This program idea really started with a thesis.
The thesis itself was the result of years of observation, of talking to parents, siblings, workers, and autistic children and teens. It was the product of an emerging gap in the autism world, and in the world in general.
My private practice is called SPARC, which is also the name of this blog. It stands for Seeking Purpose And Releasing Creativity. In my 8 years working in the mental health field with youth, I have noticed that most approaches focus on the negative traits and correcting behavior. This is very much needed, but I saw a gap in services. There was little to nothing that really focused on what the children and young adults have as far as gifts. Working alongside school systems, I began to notice that schools were having a difficult time addressing this as well.
Among the greatest impacted by this problem-focused mindset were those with special needs, like those on the autism spectrum. There are plenty of programs for those who need more intense services, and they are extremely beneficial, but what about the ones who have some fledgling social skills and seemingly random gifts of talent that no one really knows what to do with? I’m thinking about the 10 year old who can solve college level math in his head, the 5 year old who can hear a piece of music once and play it perfectly every time thereafter, and the 15 year old who has memorized an entire train system schedule. These are gifts that can actually lead to life purposes, to a sense of belonging for a population who we have barely begun to understand. I also began to realize that everyone could benefit from uncovering their areas of intelligence, their “divine gifts” in the form of variations of creativity and expression.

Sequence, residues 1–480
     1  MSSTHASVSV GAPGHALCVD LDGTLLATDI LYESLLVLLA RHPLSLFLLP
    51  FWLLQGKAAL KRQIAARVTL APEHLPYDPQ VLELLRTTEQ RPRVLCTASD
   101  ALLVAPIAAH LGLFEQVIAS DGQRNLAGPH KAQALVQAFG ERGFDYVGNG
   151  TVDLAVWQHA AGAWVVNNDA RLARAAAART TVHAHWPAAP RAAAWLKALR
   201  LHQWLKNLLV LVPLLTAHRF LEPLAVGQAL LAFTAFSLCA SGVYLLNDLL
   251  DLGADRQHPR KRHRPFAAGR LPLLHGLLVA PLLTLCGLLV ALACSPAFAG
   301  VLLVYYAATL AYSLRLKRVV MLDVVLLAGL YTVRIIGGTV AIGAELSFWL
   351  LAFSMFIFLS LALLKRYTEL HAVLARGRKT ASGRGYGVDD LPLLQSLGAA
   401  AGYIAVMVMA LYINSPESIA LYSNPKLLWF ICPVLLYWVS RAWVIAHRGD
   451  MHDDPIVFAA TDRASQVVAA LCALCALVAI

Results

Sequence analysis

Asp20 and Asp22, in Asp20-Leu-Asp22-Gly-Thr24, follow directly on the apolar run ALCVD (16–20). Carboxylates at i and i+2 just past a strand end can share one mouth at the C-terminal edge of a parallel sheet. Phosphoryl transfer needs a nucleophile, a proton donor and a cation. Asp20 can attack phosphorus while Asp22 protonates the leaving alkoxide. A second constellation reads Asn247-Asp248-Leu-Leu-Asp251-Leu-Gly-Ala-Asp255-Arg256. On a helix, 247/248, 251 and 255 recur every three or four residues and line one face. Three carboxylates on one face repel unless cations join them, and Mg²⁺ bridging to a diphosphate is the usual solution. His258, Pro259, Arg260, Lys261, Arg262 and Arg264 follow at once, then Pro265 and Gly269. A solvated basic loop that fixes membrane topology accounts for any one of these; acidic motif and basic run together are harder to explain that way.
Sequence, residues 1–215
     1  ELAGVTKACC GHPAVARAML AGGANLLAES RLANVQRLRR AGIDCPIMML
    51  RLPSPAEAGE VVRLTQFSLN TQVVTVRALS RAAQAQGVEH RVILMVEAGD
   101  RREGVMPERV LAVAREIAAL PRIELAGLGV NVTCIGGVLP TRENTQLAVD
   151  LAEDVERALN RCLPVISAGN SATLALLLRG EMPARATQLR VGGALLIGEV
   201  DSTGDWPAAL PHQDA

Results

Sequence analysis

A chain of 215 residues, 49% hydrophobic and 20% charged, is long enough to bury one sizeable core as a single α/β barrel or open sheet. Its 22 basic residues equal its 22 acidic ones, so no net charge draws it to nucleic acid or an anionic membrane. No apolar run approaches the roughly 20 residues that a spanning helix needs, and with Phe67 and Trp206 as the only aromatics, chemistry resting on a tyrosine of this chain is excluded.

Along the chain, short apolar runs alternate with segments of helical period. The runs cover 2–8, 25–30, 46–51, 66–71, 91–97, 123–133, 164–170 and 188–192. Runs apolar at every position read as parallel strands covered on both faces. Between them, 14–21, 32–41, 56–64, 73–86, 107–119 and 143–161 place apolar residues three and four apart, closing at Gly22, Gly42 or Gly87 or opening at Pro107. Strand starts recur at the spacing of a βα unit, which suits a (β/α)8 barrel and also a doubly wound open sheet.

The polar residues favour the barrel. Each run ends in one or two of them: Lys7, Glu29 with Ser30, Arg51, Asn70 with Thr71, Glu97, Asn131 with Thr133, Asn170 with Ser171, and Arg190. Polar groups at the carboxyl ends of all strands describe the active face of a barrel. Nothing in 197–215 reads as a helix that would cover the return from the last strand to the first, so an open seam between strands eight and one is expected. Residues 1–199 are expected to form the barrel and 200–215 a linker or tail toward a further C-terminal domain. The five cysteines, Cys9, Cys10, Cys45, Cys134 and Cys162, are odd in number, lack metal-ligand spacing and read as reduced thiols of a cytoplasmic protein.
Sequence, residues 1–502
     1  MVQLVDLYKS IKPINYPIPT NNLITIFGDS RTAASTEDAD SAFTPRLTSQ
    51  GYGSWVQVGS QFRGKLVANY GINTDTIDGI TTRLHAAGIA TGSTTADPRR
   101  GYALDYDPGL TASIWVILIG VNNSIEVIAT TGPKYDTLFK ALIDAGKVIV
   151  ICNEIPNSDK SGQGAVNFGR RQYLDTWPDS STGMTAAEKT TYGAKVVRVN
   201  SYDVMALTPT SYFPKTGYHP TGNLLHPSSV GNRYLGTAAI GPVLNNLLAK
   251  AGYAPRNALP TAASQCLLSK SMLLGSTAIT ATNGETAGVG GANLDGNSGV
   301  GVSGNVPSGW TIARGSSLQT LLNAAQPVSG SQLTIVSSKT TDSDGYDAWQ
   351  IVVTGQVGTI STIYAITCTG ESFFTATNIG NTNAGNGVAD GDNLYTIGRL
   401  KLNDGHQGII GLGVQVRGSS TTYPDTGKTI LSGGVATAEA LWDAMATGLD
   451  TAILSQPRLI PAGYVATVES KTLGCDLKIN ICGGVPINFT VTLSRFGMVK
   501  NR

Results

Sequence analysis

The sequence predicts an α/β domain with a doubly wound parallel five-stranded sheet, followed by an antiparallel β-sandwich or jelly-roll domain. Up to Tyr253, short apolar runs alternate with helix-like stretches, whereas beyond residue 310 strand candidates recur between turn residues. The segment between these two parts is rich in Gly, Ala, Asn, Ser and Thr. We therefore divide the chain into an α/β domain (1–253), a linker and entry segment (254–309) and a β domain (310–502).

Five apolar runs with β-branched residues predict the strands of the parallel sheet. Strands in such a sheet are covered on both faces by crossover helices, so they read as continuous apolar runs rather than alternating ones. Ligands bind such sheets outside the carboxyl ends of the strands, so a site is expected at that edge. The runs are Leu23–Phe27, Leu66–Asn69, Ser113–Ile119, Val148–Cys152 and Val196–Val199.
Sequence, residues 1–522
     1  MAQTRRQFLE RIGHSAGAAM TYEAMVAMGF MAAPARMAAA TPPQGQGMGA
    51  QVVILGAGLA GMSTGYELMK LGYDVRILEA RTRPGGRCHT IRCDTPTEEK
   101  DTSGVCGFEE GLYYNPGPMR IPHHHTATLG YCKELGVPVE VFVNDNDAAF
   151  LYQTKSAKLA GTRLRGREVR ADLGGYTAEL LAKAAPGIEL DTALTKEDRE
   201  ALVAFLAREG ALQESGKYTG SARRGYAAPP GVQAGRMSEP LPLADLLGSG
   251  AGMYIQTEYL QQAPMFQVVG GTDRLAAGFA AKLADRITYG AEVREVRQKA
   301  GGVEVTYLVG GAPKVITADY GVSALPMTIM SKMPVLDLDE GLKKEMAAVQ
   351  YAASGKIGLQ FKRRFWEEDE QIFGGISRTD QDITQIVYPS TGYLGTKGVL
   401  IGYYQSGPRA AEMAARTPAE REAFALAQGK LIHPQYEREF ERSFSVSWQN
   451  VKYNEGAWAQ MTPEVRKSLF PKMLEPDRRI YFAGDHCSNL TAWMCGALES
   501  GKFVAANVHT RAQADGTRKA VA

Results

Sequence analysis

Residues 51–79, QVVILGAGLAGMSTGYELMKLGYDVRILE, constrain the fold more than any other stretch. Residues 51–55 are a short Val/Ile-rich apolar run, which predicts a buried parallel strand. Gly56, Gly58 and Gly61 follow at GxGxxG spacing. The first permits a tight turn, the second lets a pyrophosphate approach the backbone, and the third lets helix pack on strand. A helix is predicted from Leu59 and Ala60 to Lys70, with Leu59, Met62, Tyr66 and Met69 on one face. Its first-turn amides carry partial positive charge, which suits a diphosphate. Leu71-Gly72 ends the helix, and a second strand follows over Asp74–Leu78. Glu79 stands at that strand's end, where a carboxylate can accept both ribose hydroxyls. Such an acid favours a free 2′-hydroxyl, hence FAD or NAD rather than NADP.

I really enjoy this aspect of my work, knowing that in finding my path, I can help others do the same!